Two thirds of Europeans live in a city, but not all cities are smart cities. Smart cities improve people’s lives – from finding parking spots or avoiding traffic jams to saving energy in buildings. Using digital technology in cities will lead to better quality of life, more growth in an innovative economy, and to a greener, more sustainable society.
Ideally, the best way for a city to become ‘smart’ should be based on an open, competitive, and innovation-friendly approach and involve citizens. Furthermore, cities will be able to be more resource-efficient if they work together across Europe to share their experiences and learn from each other.
Under Horizon 2020
The European Union has continued to invest in ICT research and innovation and has developed policies to improve the quality of life of citizens and make cities more sustainable in view of Europe’s 20-20-20 targets. Under Horizon 2020, almost 30 European cities now receive more than €200m of EU-funding to deploy and replicate other cities’ solutions with a focus on energy, mobility and digital technology.
Digitalisation of infrastructures and processes with a focus on citizens’ needs is at the core of urban transformation. To ensure that such solutions are competitive, cost-effective and do not lead to a lock-in of users, there is a need for a certain level of openness and interoperability. The European innovation partnership on smart cities and communities has established cooperation of around 50 industry players and 100 cities called ‘urban platforms’, which aims at ensuring that necessary levels of interoperability and openness become the norm. This partnership is now bearing fruit: cities have developed and tested joint requirements for urban-platforms and they are working on supporting tools towards a fast roll-out of this key enabling technology. In addition, vendors have developed a first draft of architecture specifications that could lead to a common standard.
The emerging role of data of a city economy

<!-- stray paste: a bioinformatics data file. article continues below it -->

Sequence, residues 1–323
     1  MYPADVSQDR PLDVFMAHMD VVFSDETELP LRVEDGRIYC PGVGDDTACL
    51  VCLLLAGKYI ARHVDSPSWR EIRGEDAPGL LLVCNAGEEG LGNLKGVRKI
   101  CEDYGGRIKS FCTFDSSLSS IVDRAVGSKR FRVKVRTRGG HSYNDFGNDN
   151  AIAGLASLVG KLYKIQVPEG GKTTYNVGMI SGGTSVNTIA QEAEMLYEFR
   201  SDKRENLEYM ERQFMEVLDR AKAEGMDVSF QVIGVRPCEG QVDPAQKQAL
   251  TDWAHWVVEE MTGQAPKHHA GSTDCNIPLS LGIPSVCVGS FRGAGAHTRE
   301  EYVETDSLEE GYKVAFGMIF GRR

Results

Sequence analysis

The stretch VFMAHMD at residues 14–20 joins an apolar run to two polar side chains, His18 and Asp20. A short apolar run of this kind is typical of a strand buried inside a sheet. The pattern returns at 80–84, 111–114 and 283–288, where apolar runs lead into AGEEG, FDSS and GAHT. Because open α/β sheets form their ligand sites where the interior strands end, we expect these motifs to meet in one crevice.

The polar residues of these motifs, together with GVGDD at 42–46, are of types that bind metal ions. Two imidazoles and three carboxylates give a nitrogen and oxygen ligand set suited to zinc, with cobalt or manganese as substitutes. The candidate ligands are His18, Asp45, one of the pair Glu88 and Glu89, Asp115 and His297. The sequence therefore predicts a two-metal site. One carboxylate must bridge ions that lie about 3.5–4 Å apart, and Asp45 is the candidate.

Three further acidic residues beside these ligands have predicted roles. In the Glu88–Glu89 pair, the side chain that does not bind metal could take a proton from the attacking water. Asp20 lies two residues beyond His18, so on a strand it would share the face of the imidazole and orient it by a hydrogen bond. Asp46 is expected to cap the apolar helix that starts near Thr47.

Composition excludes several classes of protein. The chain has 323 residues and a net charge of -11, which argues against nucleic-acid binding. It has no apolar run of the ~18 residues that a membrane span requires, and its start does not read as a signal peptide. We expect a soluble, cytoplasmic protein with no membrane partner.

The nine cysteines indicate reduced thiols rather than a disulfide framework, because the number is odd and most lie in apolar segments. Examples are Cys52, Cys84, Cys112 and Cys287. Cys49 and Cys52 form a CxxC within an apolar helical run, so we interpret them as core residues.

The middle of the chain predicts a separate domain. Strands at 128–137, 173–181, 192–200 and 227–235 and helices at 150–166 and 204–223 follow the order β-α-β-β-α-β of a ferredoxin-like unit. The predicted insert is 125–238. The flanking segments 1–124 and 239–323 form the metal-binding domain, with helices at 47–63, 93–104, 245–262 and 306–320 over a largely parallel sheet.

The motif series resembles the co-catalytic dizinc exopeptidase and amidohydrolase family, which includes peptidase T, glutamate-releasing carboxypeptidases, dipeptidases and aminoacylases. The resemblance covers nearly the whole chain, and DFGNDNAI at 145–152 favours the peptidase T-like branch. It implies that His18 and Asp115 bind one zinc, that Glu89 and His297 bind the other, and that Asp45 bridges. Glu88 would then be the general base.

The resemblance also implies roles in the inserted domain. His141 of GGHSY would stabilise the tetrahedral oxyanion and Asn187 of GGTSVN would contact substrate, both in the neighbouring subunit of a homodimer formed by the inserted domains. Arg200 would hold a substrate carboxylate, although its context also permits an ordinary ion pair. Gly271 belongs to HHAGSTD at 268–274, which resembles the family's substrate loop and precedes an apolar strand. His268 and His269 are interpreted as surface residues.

These developments also demonstrate the emerging role of data as the main currency of a city economy, just like in the economy at large. In order to respond to the broader data challenge, the Commission launched a communication on the data economy. This is an effort to look at the rules and regulations that impede the free flow of data, and the initiative identifies cities as key drivers of the data economy in Europe.
Mobility, transport and urban activity
Mobility and transport are a key sector of urban activity and an area that is undergoing fast transformation with vehicle automation and connectivity being core elements of this development. Its impact on cities is expected to be revolutionary, for example with new modes of mobility, more efficient energy use and space allocation, and less congestion.
Technologies and platforms in city infrastructures and economies
These initiatives run in parallel with other important actions like creating connectivity for a European gigabit society that includes the 5G action plan, or our efforts on the Internet of Things. They all represent core technologies and platforms in city infrastructures and economies and they are closely linked to our objective of establishing the ‘once only principle’ for public administrations online. We need to ensure that cities firstly play a driving role in putting forward requirements and testing new solutions and, secondly, benefit fully from relevant technological developments.
Challenges for cities
The challenges for cities have increased drastically over the last few years but the digital tools at their disposal have never been better. A strategic approach with a clear focus on their individual needs can make their efforts pay off. However, only joint action and demand aggregation can produce faster, better and cheaper solutions with improved returns and benefits. We encourage all actors in Europe to further cooperate and engage to reap the benefits of the potential that smart cities offer.